New Books Network

Gideon Haigh, “Sphere of Influence: Writings on Cricket and Its Discontents” (Victory Books, 2010)
During his tenure as a university lecturer, the novelist (and former football goalkeeper) Vladimir Nabokov instructed his students that the reader of literature needed three things: imagination, memory, and a dictionary. This advice applies as well for the reader of Gideon Haigh‘s essays on cricket, collected in Sphere of Influence:... Read More
Jeanne Fahnestock, “Rhetorical Style: The Uses of Language in Persuasion” (Oxford UP, 2011)
A thing I enjoy about this job is being encouraged to read books that unexpectedly turn out to be profoundly relevant to my own interests. Jeanne Fahnestock‘s new book, Rhetorical Style: The Uses of Language in Persuasion (Oxford University Press, 2011), turns out to be just such a volume. I... Read More
Karen Stohr, “On Manners” (Routledge, 2011)
We rarely stop to notice that our everyday social interactions are governed by a highly complex system of rules. Though often only implicit, there are rules governing how to board an elevator, how close one may stand to another when in conversation, when to bring a gift to a party,... Read More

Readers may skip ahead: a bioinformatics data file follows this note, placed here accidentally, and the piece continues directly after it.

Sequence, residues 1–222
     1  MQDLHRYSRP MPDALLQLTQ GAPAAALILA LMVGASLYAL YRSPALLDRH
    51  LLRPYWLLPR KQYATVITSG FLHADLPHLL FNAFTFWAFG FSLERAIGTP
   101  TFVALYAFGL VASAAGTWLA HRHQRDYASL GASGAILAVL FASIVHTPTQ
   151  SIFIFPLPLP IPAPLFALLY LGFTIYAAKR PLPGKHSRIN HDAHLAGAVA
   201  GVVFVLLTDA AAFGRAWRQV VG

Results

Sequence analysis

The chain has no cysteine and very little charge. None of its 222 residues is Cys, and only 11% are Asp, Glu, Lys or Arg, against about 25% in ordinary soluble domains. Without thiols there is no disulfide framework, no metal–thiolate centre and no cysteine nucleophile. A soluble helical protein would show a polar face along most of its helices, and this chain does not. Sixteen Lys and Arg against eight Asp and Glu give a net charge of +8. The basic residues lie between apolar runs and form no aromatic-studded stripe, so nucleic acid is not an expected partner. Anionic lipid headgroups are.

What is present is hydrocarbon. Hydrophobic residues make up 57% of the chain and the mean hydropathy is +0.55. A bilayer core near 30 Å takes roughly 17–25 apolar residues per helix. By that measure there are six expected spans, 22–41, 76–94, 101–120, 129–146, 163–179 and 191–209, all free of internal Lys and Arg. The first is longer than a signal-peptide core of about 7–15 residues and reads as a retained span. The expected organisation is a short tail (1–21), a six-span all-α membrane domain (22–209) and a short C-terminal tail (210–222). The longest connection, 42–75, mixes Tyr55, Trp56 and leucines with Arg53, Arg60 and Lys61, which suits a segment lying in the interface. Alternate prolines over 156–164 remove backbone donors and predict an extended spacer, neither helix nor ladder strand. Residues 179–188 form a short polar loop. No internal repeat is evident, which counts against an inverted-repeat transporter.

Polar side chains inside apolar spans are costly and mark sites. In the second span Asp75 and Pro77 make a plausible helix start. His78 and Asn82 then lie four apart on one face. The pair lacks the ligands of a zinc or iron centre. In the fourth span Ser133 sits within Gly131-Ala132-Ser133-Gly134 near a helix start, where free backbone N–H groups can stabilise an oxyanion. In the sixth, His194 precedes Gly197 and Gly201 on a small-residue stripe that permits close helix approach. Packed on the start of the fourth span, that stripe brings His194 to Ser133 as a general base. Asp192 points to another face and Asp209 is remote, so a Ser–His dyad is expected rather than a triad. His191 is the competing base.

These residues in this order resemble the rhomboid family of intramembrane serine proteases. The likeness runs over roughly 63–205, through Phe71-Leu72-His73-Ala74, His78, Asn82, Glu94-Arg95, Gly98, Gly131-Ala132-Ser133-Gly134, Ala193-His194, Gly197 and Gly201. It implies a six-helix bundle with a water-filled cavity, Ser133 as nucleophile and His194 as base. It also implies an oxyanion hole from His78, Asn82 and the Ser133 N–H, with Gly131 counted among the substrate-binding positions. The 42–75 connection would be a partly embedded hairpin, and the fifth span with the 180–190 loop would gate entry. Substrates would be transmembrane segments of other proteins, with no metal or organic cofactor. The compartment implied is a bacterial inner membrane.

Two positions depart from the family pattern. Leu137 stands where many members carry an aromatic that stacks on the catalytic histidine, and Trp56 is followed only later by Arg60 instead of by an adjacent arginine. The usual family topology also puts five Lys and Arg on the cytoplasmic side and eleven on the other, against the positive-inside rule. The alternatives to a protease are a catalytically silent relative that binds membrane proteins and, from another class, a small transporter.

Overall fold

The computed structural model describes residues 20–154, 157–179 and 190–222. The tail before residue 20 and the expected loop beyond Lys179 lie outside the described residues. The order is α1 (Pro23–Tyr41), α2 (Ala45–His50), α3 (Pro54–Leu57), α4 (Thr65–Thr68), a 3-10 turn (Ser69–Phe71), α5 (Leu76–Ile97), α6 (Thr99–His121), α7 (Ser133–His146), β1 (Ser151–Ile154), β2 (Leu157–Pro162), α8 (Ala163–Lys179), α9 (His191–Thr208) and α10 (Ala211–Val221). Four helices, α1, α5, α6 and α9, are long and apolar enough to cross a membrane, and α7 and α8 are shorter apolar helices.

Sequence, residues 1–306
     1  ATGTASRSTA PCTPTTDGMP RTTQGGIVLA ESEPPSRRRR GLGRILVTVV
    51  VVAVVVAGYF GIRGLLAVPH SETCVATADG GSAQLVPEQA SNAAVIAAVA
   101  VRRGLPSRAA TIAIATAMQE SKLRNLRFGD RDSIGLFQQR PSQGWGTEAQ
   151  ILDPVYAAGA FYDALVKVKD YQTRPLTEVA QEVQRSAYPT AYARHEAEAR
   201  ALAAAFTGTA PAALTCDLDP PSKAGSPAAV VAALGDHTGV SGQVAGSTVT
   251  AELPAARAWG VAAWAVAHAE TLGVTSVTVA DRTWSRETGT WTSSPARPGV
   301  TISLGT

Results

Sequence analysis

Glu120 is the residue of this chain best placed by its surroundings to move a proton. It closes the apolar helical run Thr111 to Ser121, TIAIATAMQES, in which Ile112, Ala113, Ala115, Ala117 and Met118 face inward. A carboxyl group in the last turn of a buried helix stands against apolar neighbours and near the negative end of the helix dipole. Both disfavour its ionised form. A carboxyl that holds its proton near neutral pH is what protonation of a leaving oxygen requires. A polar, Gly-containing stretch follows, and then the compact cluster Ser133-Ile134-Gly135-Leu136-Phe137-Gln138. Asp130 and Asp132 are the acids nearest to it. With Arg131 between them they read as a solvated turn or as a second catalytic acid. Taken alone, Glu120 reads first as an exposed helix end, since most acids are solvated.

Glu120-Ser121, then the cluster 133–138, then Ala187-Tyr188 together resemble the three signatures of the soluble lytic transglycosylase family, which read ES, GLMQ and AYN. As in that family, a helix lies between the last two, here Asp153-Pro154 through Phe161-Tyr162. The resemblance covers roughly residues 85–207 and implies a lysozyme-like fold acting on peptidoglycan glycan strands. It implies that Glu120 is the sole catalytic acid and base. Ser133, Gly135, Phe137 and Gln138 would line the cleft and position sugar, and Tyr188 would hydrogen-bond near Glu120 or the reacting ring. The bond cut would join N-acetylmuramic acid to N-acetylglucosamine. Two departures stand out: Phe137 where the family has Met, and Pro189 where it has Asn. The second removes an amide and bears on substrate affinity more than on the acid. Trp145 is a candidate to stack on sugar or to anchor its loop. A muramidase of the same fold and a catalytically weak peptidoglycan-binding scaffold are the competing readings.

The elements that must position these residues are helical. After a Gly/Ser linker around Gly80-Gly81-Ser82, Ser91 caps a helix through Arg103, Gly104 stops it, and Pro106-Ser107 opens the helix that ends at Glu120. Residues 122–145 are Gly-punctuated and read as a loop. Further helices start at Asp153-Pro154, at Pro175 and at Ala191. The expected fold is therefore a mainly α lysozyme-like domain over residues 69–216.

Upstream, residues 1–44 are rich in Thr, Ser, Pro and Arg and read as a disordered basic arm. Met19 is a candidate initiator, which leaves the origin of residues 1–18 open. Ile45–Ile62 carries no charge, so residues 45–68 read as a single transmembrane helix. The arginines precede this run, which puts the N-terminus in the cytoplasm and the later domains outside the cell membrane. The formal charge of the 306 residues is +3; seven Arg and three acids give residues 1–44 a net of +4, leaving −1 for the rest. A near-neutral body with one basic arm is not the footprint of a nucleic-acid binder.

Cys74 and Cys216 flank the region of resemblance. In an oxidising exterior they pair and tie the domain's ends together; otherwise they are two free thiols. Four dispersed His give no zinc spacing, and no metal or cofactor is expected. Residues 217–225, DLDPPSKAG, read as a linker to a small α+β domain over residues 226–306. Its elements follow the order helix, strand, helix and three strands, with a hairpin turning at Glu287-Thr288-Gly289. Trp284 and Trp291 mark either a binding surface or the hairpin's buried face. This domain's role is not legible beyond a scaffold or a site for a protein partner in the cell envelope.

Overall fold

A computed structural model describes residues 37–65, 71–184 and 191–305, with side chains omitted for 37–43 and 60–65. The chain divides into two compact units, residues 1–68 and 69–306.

Jeffrey Mankoff, “Russian Foreign Policy: The Return of Great Power Politics” (Rowman & Littlefield, 2011)
In this episode, I spoke with Jeffrey Mankoff, an adjunct fellow with the Russia and Eurasia Program at the Center for Strategic and International Studies in Washington, DC, and a visiting scholar at Columbia University in New York. Mankoff recently released a second edition of his book Russian Foreign Policy:... Read More
William Kuhn, “Reading Jackie: Her Autobiography in Books” (Anchor Books, 2011)
Nearly twenty years after the death of Jacqueline Kennedy Onassis, biographers are not only continuing to tell her story but finding provocative new ways to do so. In particular, a big bravo to William Kuhn for considering the former First Lady in a context that (a) has nothing to with... Read More
Uriah Kriegel, “The Sources of Intentionality” (Oxford UP, 2011)
It’s standard in philosophy of mind to distinguish between two basic kinds of mental phenomena: intentional states, which are about or represent other items or themselves, such as beliefs about your mother’s new hairdo, and phenomenal states, such as feelings of pain or visual experiences of seeing red. It’s also... Read More
Nabil Matar and Gerald MacLean, “Britain and the Islamic World, 1558-1713” (Oxford UP, 2011)
Nineteenth-century observers would say that the British Empire was an Islamic one; be that as it may, before Empire there was trade- and lots of it. Nabil Matar and Gerald MacLean‘s book, Britain and the Islamic World, 1558-1713 (Oxford: Oxford University Press, 2011), though, goes beyond trade- there was also... Read More